Yellowstone’s north entrance leads into the Mammoth Hot Springs area. The park headquarters are located here and it’s a good place to stock up on provisions. At the time of writing, the Mammoth Hot Springs Hotel is scheduled to remain open through October 12, 2020. The hotel offers several room choices including “frontier cabins,” “hot tub cabins,” and “premium hotel rooms.” The cabins offer basic sleeping options in addition to shower, sink, and toilet amenities. If you upgrade to the hot-tub cabin, you’ll have access to a private 6-person hot tub set within a fenced enclosure. The hotel's premium rooms are what you’d expect from a standard hotel experience. For those not intending to lodge here, you can still make use of the terrace grill, gift shop, as well as the area’s general store and Post Office. In all cases, you will want to book well in advance of your scheduled arrival as these are popular lodging options. Aside from the Mammoth Hot Springs Hotel, lodging options are limited this year due to COVID-19 closures. The Indian Creek and Mammoth Campground locations are closed for the season. Those planning to camp will need to continue on to other areas further inside the park.

Tower Roosevelt Yellowstone and the Lamar Valley

Getting Back to Nature: A Guide on Where to Stay in Yellowstone National Park

In late summer and early autumn, Yellowstone’s herds of wild bison rut in the pastures around Lamar Valley. In addition to the iconic bison, this is arguably the best place in the lower 48 states for seeing larger mammals such as timber wolf, coyote, and grizzly bear. Visitors planning to spend time in Yellowstone’s Northeast will need to make lodging arrangements elsewhere in the park or consider backcountry camping. Essentially all camping and lodging options in the Tower-Roosevelt area closed for the remainder of 2020. This includes the Pebble Creek Campground, Roosevelt Lodge and Cabins, Slough Creek Campground, and Tower Fall Campground. Additional amenities such as the Tower Fall General Store, the Roosevelt Store, and the horseback and stagecoach ride services are likewise closed for 2020. If you’re entering Yellowstone through the northeast entrance, you can still stop for gas at the Tower-Roosevelt service station; but if your goal is to spend significant time in the Lamar Valley, your best option may be backcountry camping, which will require a permit. Use the park’s website to submit your Backcountry Permit Application no more than 48 hours prior to your intended arrival. If you want to reserve a specific campsite, you will also need to file a Backcountry Reservation Application. This takes approximately 4-7 days to process.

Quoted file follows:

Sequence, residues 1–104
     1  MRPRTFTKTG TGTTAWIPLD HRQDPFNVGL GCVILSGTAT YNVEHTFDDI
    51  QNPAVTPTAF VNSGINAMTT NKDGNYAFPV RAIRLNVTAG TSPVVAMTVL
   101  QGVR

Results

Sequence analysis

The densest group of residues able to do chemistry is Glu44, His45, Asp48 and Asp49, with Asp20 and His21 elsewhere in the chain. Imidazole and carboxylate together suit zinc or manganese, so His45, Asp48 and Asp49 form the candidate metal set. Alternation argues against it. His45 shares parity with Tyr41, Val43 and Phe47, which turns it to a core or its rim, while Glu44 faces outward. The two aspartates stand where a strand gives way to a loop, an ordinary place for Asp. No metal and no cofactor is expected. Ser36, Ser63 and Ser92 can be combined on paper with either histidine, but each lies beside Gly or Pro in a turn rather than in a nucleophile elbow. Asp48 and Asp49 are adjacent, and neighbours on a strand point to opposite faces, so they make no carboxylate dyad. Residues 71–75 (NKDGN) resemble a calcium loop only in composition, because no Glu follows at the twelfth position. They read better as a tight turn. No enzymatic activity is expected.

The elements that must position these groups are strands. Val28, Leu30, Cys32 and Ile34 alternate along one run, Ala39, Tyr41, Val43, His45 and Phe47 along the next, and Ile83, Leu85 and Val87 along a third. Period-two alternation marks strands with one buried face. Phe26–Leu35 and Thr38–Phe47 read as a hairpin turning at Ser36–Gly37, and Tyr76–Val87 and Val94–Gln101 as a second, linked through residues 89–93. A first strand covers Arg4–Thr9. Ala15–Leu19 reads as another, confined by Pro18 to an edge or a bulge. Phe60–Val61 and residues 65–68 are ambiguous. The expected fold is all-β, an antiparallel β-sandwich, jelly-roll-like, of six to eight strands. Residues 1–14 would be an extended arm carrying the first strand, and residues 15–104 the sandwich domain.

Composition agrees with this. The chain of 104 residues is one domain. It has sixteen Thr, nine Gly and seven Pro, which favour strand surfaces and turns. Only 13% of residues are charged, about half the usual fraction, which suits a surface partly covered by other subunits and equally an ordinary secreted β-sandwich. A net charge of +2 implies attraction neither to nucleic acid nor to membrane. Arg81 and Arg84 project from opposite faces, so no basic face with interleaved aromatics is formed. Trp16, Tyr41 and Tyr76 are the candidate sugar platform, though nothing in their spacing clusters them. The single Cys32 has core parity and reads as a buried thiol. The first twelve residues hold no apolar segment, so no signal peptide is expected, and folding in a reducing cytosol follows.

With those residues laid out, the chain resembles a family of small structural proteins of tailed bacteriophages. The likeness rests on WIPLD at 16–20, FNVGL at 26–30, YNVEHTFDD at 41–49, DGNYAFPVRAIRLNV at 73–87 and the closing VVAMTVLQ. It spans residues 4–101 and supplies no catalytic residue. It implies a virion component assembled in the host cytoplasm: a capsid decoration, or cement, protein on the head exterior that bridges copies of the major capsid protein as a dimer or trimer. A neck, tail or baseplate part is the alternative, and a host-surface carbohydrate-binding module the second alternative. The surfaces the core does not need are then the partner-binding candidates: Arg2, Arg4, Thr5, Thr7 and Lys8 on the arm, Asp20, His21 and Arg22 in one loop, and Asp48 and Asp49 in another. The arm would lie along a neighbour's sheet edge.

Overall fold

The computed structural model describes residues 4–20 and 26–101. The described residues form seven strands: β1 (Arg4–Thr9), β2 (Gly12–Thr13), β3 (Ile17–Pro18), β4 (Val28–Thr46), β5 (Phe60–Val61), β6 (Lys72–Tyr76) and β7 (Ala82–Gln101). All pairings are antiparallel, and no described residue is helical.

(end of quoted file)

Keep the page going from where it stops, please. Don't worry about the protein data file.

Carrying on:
Canyon Village and Yellowstone Waterfalls

Getting Back to Nature: A Guide on Where to Stay in Yellowstone National Park

Next to Old Faithful, Yellowstone’s most recognizable attractions are the two large waterfalls on the Yellowstone River in the park’s central section. These picture postcard locations fill countless scrapbooks and will no doubt make a great addition to your Instagram or Trip Moments profiles. The good news is that accommodations and lodging in the Canyon Village area are open. The bad news is that some amenities such as the Canyon Lodge ice creamery are closed. At the time of writing, the Canyon Campground is scheduled to remain open through September 20, 2020, while the Canyon Lodges and Cabins are slated to close in early October. The area’s general store as well as the service station are open; however, the Post Office is closed. Ideal viewing times for the waterfalls tend to occur in spring when the Yellowstone River is flush with snowmelt and the waterfalls reach their peak volume. As the summer stretches on, flow rates over the falls diminish considerably. The Canyon Lodge and Cabins constitute the park’s largest accommodations with over 500 rooms and cabins available for use. Nevertheless, it is still advisable to plan ahead of your scheduled arrival and secure your reservation online.

Ylake yellowstone hotel and cabins

Getting Back to Nature: A Guide on Where to Stay in Yellowstone National Park